I haven't timed the recovery time of the EC270 (a clone of the EC155), but I do know that it's less than the time it takes me to remove & dry the portafilter, fill the basket with coffee from the doser, and tamp.

In other words I think the barista is the bottleneck for brewing two doubles, unless you buy a second portafilter.

The frothing for two caps will also take up time, but at least it will be ready for both simultaneously.

The fastest throughput for 2 double cappuccinos is achieved with two EC155's.  This cuts out the wait to ramp up to steam temp, plus theoretically you can steam & brew in parallel.  This fastest solution is also the cheapest.

For faster steaming usually a larger boiler is required; but there are not many bigger boilers for less than $400.  The only ones I know of are: Ascaso Basic, and Espressione Cafe Retro.  If the Gaggia Color really does have a 9 oz boiler it is a better choice, but I don't think it has a larger boiler than the Aroma, which is 5 oz.
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Daniel1952
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Joined: 9 May 2012
Posts: 13
Location: New Mexico
Expertise: Just starting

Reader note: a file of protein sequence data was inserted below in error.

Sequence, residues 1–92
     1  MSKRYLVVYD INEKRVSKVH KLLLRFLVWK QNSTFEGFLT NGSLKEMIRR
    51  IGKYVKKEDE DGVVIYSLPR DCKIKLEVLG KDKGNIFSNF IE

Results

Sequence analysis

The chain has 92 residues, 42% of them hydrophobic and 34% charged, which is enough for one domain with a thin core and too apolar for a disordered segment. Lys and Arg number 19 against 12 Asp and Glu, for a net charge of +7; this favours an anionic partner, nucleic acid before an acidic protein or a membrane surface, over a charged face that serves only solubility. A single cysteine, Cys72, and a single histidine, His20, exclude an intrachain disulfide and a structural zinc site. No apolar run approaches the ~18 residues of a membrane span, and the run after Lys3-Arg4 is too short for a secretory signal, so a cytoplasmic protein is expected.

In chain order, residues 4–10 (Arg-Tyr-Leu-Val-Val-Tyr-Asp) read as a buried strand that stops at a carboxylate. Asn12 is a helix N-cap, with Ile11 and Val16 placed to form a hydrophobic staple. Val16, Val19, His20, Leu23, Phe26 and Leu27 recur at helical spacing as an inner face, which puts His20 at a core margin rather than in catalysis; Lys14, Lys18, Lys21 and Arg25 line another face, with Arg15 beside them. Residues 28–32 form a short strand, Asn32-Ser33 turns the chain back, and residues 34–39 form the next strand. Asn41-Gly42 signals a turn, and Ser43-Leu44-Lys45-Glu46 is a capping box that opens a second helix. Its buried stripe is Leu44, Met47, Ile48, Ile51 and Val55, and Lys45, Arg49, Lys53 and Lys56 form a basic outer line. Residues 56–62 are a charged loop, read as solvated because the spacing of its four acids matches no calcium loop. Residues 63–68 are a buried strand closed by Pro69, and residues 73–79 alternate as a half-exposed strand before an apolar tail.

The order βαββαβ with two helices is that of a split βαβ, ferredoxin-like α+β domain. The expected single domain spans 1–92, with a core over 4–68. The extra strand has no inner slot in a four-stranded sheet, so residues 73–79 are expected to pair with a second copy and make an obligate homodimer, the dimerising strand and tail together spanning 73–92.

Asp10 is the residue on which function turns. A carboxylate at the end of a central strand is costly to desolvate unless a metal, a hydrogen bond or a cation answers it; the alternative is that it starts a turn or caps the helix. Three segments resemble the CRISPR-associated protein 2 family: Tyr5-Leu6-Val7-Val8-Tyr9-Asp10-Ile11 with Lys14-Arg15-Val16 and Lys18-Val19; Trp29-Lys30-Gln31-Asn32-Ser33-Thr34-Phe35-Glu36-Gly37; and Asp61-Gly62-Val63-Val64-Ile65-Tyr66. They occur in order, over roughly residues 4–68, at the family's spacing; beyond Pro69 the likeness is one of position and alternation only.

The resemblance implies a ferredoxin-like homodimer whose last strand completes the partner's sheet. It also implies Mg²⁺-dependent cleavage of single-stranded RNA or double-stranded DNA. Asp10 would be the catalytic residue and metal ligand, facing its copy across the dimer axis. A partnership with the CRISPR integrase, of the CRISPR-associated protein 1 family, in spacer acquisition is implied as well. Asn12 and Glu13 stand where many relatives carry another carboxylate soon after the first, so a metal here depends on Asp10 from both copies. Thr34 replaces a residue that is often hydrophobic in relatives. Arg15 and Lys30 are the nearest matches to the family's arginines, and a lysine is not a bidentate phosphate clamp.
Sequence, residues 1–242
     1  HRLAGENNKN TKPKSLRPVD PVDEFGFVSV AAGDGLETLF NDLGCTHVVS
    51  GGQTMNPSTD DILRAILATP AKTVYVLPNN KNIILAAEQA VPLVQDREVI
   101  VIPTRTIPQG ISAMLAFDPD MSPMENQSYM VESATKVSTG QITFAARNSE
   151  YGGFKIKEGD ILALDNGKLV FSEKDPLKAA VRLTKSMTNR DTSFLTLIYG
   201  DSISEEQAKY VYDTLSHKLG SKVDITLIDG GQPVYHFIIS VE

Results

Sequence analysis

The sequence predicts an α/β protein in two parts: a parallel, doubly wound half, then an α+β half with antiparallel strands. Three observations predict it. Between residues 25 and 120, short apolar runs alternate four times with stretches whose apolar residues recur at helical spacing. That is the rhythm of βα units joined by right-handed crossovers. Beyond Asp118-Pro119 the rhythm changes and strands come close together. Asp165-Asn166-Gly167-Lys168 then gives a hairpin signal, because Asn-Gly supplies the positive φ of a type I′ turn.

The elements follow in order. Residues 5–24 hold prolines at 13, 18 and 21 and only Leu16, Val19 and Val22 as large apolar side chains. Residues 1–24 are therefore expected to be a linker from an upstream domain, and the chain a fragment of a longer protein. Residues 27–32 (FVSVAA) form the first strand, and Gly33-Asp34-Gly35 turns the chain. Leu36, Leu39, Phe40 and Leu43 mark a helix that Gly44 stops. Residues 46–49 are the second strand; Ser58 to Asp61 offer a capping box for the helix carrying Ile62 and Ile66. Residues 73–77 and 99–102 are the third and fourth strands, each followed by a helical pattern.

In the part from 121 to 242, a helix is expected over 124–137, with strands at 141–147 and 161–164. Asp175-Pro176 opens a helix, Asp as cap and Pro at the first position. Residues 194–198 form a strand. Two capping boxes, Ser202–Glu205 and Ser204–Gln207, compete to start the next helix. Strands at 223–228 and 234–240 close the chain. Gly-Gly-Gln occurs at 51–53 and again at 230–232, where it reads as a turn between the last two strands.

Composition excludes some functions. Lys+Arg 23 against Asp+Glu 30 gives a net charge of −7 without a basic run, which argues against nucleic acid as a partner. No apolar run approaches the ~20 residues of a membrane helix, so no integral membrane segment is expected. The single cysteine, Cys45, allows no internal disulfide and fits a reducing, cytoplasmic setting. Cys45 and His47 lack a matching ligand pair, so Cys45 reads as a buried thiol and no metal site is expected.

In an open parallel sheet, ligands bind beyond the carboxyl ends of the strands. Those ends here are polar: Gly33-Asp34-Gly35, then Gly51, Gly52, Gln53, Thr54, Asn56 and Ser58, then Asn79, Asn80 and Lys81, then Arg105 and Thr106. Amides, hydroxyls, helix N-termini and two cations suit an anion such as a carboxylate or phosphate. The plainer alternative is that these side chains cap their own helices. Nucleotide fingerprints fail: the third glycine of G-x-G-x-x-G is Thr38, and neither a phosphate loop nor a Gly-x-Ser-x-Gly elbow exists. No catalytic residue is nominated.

Posted Thu Aug 2, 2012, 7:42am
Subject: Re: Question for DeLonghi EC155 owners (please)
 

Okay, a quick update;  I ended up buying the EC155, have been experimenting with it over the past 2 months, and am very pleased with the purchase.

Does it make a great shot?  Oh, hell no!  Does it make microfoam?  Of course not!  Is the output better than chain store or restaurant coffee?  Absolutely!

The machine has been (for me) a perfect introduction to the hobby -- very little money at risk, temperamental enough to force me to learn, forgiving enough to allow me to enjoy the ouput and encourage me to continue with the exercise.

I'll upgrade when the machine dies.  Given the price, that could be next month, next year, or the year after.

In the meantime, I'll continue to learn.
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Coffeenoobie